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White House moves towards larger stimulus package, Trump's victory chances dim, and Hurricane Delta bears down on oil-producing Gulf.

Something bigger

Treasury Secretary Steven Mnuchin told House Speaker Nancy Pelosi that President Donald Trump now wants a comprehensive stimulus package -- in a reversal from his position on Tuesday when Trump abruptly ended negotiations. But with opposition remaining in Congress to more spending, time is very tight for any legislation to reach the president's desk before the end of October. Another obstacle to successful outcome: Both Trump and Pelosi are publicly questioning each other's mental stability. Democrats are set to announce a bill today that would set up a commission to evaluate using the 25th amendment which can remove a sitting president from office. 

Campaigning 

Trump is aiming to return to the campaign trail next week, kicking off with a possible event in Pennsylvania as early as Monday, say people familiar with the matter. The president trails Joe Biden by an average of 9.7 percentage points nationally according to the RealClearPolitics average of polling. His rejection of a virtual presidential debate is likely to make the job of turning the tide more difficult, Republican pollster Frank Luntz told Bloomberg Television. Investors are busy dusting off their 2016 Trump playbooks, but this time they are betting he will lose. 

Hurricane 

Oil is set for its biggest weekly gain since June as Hurricane Delta shuts 92% of crude output in the Gulf of Mexico. The storm, which regained Category 3 status as it moved over the warm waters in the region, is forecast to make landfall in Louisiana later today. It will be "life threatening" and is expected to dump as much as 15 inches of rain on the area over the next two days. Delta is the record 10th tropical storm or hurricane to hit the U.S. this year as the country is battered by the effects of a changing climate

Markets mixed

Global equities are edging higher this morning as investors hold onto optimism for a U.S. stimulus package. Overnight the MSCI Asia Pacific Index added 0.1% while Japan's Topix index closed 0.5% lower as the yen strengthened. In Europe, the Stoxx 600 Index was 0.3% higher at 5:50 a.m. Eastern Time, with a host of companies raising their outlooks. S&P 500 futures pointed to a small gain at the open, with shares in Xilinx Inc. surging pre-market after reports Advanced Micro Devices Inc. is in talks to buy the chipmaker in a deal valued at $30 billion. The 10-year Treasury yield was at 0.765% and gold rallied.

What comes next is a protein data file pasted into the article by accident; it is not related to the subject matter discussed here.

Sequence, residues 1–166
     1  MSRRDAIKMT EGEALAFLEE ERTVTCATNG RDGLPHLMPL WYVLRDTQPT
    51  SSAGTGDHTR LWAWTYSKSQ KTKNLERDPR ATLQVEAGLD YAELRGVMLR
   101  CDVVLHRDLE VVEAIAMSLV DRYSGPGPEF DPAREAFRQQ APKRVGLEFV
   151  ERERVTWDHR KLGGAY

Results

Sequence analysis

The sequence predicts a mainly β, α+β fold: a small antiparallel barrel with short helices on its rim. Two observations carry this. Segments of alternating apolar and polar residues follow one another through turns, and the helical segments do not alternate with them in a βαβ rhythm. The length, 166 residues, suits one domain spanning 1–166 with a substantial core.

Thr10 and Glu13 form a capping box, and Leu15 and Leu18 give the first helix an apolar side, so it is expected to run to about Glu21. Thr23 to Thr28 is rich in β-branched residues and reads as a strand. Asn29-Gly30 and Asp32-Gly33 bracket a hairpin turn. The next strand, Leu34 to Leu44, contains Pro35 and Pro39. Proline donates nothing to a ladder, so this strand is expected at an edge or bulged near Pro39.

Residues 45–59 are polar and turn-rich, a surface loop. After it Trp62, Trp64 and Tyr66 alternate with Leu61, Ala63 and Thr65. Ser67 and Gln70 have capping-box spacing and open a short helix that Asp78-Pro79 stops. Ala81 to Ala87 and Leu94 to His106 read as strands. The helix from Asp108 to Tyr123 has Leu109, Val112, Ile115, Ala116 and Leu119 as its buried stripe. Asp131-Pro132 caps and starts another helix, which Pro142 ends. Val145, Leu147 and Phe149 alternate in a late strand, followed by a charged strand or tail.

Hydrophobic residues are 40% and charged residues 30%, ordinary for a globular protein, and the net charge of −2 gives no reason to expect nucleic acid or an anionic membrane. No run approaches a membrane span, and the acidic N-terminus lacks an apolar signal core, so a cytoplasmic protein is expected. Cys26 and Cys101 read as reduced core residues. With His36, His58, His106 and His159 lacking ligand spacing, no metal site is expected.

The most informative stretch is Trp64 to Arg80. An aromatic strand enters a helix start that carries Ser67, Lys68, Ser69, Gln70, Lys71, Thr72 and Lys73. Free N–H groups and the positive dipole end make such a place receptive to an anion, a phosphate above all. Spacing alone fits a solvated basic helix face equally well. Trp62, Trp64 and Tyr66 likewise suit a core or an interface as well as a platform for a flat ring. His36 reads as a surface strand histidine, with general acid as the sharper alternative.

Coming up...

While all eyes in the U.S. will be concentrated on stimulus developments, north of the border in Canada the focus will be on the September jobs report at 8:30 a.m., which is expected to show 150,000 positions added in the month. Nancy Pelosi holds a press conference at 10:15 a.m., President Trump hosts the Rush Limbaugh show from 12:00 p.m. and Joe Biden is on the campaign trail in Las Vegas. The October WASDE report is at 12:00 p.m. and the latest Baker Hughes rig count is at 1:00 p.m.

What we've been reading

This is what's caught our eye over the last 24 hours.

And finally, here's what Emily's interested in this morning

Sales of both investment-grade and high-yield corporate debt hit full-year records in the third quarter in the race to capitalize on Fed support that may know limits.

Pimco global economic advisor Joachim Fels said investors should know that policymakers can't shield them from losses if a pandemic-fueled corporate borrowing spree spurs a surge in defaults. "Central banks cannot protect investors from defaults and capital impairment,'' Fels said in the firm's October secular outlook.

After all, despite investors' enthusiasm for the Fed backstop, which has helped drive spreads sharply tighter over recent months, the Fed hasn't proven as ready as some might have hoped to leap into the fray at the first signs of a shakeout. The central bank kept to the sidelines as spreads widened at the end of last month.

"Despite being a major milestone when it was first announced, the corporate credit facility has not had to do too much heavy lifting in terms of actually purchasing bonds," wrote Jefferies economists Aneta Markowska and Thomas Simons.

This isn't news for the many investors whose appetite for corporate credit appears to have soured over the past month. Investors pulled cash out of exchange-traded funds tracking corporate bonds in September for the first time since the pandemic first upended markets in late February.

Follow Bloomberg's Emily Barrett on Twitter at @notthatECB

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